Glossary
 
Correlation – How far the price movements of two variables (e.g. equity or fund returns) match each other in their direction. If variables have a correlation of +1, then they move in the same direction. If they have a correlation of -1, they move in opposite directions. A figure near zero suggests a weak or non-existent relationship between the two variables.
 
Cyclical stocks – Companies that sell discretionary consumer items, such as cars, or industries highly sensitive to changes in the economy, such as miners. The prices of equities and bonds issued by cyclical companies tend to be strongly affected by ups and downs in the overall economy, when compared to non-cyclical companies.

Defensive companies/sectors – typically less sensitive to changes in economic conditions.

Exchange traded fund (ETF) – A security that tracks an index (such as an index of equities, bonds or commodities). ETFs trade like an equity on a stock exchange and experience price changes as the underlying assets move up and down in price. ETFs typically have higher daily liquidity and lower fees than actively managed funds.

Growth investing – Growth investors search for companies they believe have strong growth potential. Their earnings are expected to grow at an above-average rate compared to the rest of the market, and therefore there is an expectation that their share prices will increase in value.

Net interest margin – the difference between the interest paid by a financial institution, such as a retail bank, to depositors (savers) compared with the interest rate it receives from those it lends to (borrowers).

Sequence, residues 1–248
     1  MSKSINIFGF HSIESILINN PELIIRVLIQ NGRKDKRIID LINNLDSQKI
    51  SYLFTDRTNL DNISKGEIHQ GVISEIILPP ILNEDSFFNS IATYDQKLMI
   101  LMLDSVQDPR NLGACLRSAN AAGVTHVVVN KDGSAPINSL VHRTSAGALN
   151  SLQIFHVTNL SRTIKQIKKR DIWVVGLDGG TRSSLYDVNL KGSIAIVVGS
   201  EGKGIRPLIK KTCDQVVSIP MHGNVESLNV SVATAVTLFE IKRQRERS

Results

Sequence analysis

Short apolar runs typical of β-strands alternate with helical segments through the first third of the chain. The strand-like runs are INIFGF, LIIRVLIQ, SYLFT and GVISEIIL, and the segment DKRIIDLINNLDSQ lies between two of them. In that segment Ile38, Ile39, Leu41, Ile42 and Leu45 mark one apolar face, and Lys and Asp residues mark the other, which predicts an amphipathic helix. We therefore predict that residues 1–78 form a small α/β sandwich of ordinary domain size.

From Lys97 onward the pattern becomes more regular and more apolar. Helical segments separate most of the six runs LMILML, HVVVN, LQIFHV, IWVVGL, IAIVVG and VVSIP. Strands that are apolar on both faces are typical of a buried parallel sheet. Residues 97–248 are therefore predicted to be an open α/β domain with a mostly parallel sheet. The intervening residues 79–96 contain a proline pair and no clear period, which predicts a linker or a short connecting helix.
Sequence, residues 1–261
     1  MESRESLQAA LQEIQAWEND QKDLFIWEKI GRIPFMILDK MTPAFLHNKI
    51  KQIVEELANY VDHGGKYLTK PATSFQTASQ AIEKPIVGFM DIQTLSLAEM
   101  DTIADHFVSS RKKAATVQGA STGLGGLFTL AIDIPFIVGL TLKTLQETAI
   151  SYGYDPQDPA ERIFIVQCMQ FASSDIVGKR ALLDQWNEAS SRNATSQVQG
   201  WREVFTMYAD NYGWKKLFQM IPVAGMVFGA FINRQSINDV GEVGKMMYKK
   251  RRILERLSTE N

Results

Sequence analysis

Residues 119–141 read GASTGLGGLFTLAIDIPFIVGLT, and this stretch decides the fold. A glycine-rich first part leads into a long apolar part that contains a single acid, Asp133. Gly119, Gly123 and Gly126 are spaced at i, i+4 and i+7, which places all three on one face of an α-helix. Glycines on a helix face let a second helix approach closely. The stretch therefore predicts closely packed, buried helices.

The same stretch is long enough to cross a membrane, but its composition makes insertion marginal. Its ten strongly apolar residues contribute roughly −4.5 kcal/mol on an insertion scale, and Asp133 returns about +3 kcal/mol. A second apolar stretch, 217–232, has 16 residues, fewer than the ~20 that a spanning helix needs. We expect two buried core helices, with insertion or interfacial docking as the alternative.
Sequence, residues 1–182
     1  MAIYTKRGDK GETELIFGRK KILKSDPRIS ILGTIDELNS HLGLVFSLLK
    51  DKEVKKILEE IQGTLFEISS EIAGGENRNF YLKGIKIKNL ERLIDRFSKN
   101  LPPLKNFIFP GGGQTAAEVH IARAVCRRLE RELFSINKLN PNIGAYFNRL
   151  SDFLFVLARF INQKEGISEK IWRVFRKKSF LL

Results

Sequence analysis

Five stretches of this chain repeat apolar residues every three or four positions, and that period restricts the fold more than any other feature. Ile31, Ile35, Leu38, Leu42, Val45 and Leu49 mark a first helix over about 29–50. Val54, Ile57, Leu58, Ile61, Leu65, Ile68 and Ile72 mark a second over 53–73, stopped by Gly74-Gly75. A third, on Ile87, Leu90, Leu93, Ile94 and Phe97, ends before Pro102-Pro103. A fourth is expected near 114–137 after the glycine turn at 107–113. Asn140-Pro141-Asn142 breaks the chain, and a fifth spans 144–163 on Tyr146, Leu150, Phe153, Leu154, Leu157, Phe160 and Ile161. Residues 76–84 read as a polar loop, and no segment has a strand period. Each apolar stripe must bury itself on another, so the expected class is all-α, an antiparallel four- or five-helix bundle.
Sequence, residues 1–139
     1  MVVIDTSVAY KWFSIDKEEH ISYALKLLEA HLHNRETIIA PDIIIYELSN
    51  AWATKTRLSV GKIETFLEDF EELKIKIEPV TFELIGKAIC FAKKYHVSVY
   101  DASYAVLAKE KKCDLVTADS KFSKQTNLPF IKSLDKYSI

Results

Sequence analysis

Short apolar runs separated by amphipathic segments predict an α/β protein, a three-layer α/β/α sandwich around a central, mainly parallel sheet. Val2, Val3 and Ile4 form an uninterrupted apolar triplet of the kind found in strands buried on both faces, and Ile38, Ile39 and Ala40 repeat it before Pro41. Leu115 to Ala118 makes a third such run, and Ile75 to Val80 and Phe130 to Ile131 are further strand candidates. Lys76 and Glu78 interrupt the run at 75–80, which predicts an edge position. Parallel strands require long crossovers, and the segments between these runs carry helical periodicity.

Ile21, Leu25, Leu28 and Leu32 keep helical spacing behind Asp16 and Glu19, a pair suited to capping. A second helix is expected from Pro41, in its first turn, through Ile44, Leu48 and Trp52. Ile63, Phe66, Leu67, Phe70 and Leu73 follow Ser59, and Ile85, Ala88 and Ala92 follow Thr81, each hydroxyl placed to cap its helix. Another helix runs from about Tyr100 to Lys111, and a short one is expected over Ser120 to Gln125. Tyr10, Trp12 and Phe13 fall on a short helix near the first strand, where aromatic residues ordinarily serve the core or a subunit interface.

Reflation – Government policies intended to stimulate an economy and promote inflation.

Value investing – Value investors search for companies that they believe are undervalued by the market, and therefore expect their share price to increase. One of the favoured techniques is to buy companies with low price to earnings (P/E) ratios.

Yield curve – A graph that plots the yields of similar quality bonds against their maturities. In a normal/upward sloping yield curve, longer maturity bond yields are higher than short-term bond yields. A yield curve can signal market expectations about a country’s economic direction.

These are the views of the author at the time of publication and may differ from the views of other individuals/teams at Janus Henderson Investors. Any securities, funds, sectors and indices mentioned within this article do not constitute or form part of any offer or solicitation to buy or sell them.

Past performance is not a guide to future performance. The value of an investment and the income from it can fall as well as rise and you may not get back the amount originally invested.

The information in this article does not qualify as an investment recommendation.